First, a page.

Sundance 2023: Bad Behaviour Movie Review

Jennifer Connelly appears in Bad Behaviour by Alice Englert, an official selection of the World Dramatic Competition at the 2023 Sundance Film Festival. Courtesy of Sundance Institute.

Bad Behaviour

Sundance Film Festival World Cinema Dramatic Competition

Reviewed for by Abe Friedtanzer

Director: Alice Englert

Writer: Alice Englert

Cast: Jennifer Connelly, Ben Whishaw, Alice Englert and Dasha Nekrasova

Screened at: Park Avenue Theater, Park City, UT, 1/26/23

Opens: January 21st (World Premiere)

People tend to respond to situations in the way that works best for them. In group environments, that’s not always healthy or productive, and can in fact be quite detrimental. What one person needs in a specific moment can be the opposite of what someone else requires, and uncomfortable conflict can ensue. Bad Behaviour showcases the ultimate problem attendee at a silent retreat in a disjointed story about a mother and daughter both going through rough experiences half a world apart.

Lucy (Jennifer Connelly) arrives to an Oregon retreat center to participate in a program put on by guru Elon Bello (Ben Whishaw), and quickly develops a distaste for another attendee, a young model and DJ, Beverly (Dasha Nekrasova), who brings out all the negative feelings Lucy is trying to let go. In New Zealand, Lucy’s daughter Dylan (Alice Englert) works as a stuntwoman on a film set and forges a relationship with one of the primary players. The two women both fall into familiar, unpleasant patterns as their minds return to the fractured and complicated relationship that they’ve had over the years.

Bad Behaviour marks the directorial debut of Englert, an actress who stood out in an arc on Netflix’s Ratched and recently headlined the Starz series Dangerous Liaisons. Her first effort behind the camera does showcase two true personalities who are prone to vehemently express themselves even when the moment is not appropriate. Their paths don’t feel all that connected, however, and it’s difficult to find a strong relation between the two separate journeys in the film’s first two acts. Both women seem set on self-sabotaging even though they might otherwise be set up for success, and it doesn’t feel as if their bond and history is what’s guiding them towards failure.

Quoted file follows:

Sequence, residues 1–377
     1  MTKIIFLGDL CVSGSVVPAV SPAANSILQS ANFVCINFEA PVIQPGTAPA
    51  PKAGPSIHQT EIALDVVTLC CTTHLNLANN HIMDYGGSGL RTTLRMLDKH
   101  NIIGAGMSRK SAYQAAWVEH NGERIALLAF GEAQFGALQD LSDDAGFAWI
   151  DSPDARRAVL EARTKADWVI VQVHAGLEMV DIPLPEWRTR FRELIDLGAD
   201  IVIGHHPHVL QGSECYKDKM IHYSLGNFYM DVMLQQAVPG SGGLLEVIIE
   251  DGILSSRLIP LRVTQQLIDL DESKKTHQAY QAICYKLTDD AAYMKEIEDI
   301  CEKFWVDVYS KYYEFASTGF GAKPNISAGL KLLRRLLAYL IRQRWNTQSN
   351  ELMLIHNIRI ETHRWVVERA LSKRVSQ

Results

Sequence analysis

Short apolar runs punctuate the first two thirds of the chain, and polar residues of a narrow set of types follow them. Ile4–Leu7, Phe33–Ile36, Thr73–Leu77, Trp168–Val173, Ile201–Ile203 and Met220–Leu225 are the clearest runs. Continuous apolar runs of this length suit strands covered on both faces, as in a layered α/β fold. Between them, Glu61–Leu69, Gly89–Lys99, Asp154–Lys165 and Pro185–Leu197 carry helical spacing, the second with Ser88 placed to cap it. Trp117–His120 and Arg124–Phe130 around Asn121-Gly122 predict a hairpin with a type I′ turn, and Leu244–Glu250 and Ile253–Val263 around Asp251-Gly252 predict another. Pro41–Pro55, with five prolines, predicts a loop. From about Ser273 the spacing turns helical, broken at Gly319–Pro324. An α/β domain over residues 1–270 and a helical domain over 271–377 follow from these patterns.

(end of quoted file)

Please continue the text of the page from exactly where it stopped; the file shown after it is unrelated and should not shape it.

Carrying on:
Connelly, who won an Oscar two decades ago for a superb performance in A Beautiful Mind, comes at Lucy with a viciousness that manifests itself without warning. She’s quietly judgmental and then at times bursts out with anger and aggression that hasn’t necessarily been provoked by the receiving party. It’s a turn that’s equally magnetic and inconsistent, since it’s hard to get into Lucy’s head and understand her character. Dylan is more expressive and readable, delighting in her stunt work and showing off her skills, and there is a sense that she gets too into what she does, not quite fulfilling what’s being asked if her in all cases. 

Many of the film’s scenes take place at the retreat, while contains elements that don’t feel entirely safe or healthy for participants. It also feels, as Lucy’s unsubtle facial expressions convey, that much of it is completely made up and without substance, like an exercise in which partners are supposed to pretend to be babies and mothers. Whishaw, who also stars in another project at Sundance this year, Passages, embodies Elon with a pretentiousness that frequently gives in to annoyance and a lack of patience with his yet-to-be-enlightened clientele. Lucy does seem to be the most volatile presence there, lashing out repeatedly at Beverly, but there’s also something distinctly suspicious and not quite right about this worshipped guru.

While it begins with intrigue that begs the question of exactly what Lucy and Dylan have been through that have brought them to this place of being so far apart, this film doesn’t deliver. It feels as if there is no clear destination, and the uncertain journeys they are both on have no direction. It makes for an unsatisfying viewing experience that features a few puzzling tangents, including a bizarre animated sequence that comes from out of nowhere with no explanation at all. There is a blueprint of a worthwhile story here with three-dimensional characters, but the finished product is severely lacking.

107 minutes

Story: C

Acting: B-

Technical: C+

Overall: C

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